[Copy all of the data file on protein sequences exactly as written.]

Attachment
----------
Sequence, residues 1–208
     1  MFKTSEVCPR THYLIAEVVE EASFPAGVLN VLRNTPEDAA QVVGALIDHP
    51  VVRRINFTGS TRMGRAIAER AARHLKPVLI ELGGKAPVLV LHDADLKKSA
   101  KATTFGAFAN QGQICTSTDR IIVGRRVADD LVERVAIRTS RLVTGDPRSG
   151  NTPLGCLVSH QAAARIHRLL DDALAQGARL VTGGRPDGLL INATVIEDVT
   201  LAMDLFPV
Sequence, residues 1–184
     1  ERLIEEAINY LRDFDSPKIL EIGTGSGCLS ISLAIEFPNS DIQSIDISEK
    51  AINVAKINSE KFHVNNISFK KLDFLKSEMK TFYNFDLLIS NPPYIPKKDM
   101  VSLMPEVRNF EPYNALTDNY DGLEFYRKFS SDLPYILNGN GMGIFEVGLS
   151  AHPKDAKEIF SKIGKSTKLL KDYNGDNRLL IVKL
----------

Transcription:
Sequence, residues 1–208
     1  MFKTSEVCPR THYLIAEVVE EASFPAGVLN VLRNTPEDAA QVVGALIDHP
    51  VVRRINFTGS TRMGRAIAER AARHLKPVLI ELGGKAPVLV LHDADLKKSA
   101  KATTFGAFAN QGQICTSTDR IIVGRRVADD LVERVAIRTS RLVTGDPRSG
   151  NTPLGCLVSH QAAARIHRLL DDALAQGARL VTGGRPDGLL INATVIEDVT
   201  LAMDLFPV
Sequence, residues 1–184
     1  ERLIEEAINY LRDFDSPKIL EIGTGSGCLS ISLAIEFPNS DIQSIDISEK
    51  AINVAKINSE KFHVNNISFK KLDFLKSEMK TFYNFDLLIS NPPYIPKKDM
   101  VSLMPEVRNF EPYNALTDNY DGLEFYRKFS SDLPYILNGN GMGIFEVGLS
   151  AHPKDAKEIF SKIGKSTKLL KDYNGDNRLL IVKL